Although all peaks are detected, there might be a chance that the peak is caused by other activities or noises rather than walking. For example, as can be seen from Figure 4(a) where an extraction of a fast walking data is from an accelerometer attached on a person’s neck, if only the conditions in (3) are used, we obtain many peaks. Fortunately, peaks caused by the contacting shock at heel strike moments are much larger than other peaks and these peaks occur periodically. Based on this fact, we propose to detect the heel strike peeks by searching one large peak within a specific time . In detail, when a peak is detected at the time i using conditions in (3), all surrounding peaks in the range of are compared together. The largest value will be the true peak generated by a heel strike. By using this method, periodic peaks will be selected.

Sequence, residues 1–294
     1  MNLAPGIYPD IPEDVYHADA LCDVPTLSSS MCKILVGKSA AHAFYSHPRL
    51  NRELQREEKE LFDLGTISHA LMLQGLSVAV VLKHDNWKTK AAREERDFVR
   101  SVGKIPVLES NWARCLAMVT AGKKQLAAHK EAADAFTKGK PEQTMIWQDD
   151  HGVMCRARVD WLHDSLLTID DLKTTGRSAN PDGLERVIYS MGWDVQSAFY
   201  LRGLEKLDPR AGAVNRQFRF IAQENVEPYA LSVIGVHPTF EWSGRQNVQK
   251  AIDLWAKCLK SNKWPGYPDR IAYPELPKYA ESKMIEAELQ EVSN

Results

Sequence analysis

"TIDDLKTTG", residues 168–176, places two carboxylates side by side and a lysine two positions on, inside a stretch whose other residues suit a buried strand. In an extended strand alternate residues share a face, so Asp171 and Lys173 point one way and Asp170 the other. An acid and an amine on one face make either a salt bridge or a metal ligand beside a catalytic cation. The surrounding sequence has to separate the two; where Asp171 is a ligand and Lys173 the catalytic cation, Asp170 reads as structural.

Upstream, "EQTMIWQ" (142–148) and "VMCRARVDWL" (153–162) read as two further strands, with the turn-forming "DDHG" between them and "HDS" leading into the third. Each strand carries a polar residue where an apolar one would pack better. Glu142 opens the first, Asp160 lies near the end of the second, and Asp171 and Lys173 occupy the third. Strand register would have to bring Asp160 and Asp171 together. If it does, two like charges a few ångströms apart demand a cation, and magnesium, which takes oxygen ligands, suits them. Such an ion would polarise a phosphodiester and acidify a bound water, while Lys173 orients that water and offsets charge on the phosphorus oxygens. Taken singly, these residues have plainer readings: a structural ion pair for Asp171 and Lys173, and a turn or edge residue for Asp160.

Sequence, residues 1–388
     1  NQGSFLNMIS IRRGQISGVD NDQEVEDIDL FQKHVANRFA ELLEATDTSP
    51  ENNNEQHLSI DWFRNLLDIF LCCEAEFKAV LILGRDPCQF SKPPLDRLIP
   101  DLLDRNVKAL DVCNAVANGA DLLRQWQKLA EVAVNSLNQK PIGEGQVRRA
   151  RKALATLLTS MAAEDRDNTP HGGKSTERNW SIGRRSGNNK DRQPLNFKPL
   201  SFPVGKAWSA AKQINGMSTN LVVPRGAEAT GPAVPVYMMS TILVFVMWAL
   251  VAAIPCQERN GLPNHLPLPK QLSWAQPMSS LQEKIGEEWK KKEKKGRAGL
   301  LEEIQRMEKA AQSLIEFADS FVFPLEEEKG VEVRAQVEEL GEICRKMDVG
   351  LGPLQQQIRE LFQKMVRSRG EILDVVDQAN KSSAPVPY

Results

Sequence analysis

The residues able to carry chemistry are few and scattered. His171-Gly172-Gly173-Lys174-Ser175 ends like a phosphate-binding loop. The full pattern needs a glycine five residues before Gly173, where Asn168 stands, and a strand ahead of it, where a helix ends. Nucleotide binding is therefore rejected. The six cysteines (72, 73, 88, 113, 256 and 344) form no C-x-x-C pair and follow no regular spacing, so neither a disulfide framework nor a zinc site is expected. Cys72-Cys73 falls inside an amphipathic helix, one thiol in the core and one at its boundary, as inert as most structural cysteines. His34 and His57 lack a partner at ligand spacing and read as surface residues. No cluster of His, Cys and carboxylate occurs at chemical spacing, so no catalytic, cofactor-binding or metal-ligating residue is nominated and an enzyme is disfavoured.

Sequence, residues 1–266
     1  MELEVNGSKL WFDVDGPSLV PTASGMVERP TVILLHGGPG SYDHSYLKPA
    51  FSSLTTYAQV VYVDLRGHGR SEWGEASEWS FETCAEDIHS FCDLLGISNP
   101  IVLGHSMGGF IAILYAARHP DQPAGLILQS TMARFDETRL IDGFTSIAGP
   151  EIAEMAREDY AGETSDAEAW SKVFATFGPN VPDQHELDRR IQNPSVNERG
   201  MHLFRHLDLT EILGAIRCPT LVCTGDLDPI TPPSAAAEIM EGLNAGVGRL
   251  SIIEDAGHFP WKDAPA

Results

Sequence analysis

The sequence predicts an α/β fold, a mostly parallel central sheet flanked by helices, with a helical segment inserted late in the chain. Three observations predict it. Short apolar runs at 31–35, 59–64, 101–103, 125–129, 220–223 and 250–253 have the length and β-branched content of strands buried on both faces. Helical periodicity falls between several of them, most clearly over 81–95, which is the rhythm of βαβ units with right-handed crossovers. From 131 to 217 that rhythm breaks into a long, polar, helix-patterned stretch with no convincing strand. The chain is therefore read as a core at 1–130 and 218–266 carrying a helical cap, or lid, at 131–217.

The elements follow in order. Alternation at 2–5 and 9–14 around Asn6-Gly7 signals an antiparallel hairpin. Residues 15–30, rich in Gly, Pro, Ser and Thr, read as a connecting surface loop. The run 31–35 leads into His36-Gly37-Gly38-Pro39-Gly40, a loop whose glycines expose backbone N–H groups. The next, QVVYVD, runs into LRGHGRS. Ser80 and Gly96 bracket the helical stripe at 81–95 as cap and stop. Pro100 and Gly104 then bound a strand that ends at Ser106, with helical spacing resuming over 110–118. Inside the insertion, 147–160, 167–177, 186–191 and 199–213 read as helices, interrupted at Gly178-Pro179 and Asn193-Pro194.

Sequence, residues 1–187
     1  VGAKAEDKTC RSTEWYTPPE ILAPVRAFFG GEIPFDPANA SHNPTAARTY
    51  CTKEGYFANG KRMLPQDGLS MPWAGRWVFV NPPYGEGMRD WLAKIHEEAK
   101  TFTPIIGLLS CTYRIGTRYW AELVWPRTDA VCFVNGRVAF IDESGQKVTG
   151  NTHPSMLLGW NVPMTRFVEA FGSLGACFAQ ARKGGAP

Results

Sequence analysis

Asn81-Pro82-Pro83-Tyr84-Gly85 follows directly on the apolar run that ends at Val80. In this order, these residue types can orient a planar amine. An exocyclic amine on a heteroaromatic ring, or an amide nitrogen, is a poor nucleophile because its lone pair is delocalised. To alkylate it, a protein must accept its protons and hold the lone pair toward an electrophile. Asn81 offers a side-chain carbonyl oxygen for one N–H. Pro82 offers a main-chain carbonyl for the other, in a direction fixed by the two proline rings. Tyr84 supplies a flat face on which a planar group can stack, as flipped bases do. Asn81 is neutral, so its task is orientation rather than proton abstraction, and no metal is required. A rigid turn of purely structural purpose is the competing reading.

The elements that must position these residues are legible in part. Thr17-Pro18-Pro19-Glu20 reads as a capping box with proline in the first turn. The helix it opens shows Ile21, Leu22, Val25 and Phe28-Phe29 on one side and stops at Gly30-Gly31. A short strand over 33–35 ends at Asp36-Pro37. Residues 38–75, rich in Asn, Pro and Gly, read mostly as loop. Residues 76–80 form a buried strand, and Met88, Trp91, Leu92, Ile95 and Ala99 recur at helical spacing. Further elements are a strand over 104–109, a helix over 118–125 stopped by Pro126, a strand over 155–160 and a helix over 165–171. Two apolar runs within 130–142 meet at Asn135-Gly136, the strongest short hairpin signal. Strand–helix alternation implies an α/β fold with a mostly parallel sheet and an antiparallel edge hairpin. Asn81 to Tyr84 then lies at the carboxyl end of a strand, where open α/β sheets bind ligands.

Figure 4: Peak detection of real walking data: (a) all peaks; (b) heel strike peaks.

The result of applying condition is given in Figure 4(b) where all walking peaks are successfully detected. If is too large, some steps will be missed. Conversely, if we set as a small value, some peaks caused by noises will be wrongly detected as the walking peaks. However, the maximum value of can be chosen from 0.4 to 0.6 sec since the normal and fast walking speeds of a pedestrian is 100 and 150 steps per minute [23, 24], respectively. In this experiment, is chosen to be 0.4 sec.

The walking activity is only defined when at least three consecutive walking peaks are detected. Let be the time interval between two consecutive peaks at and from N peaks :

Since walking activity is nearly periodic, the following condition will be satisfied:

If small is chosen, we obtain very periodic walking steps but the walking activity may fail to be detected since naturally not all strike cycles are the same. In contrast, if a larger is used, we have a more flexible condition in detecting walking activity. However, there could be a chance that some of the detected peaks are not the walking steps.

2.3. Neck Flexion Angle Estimation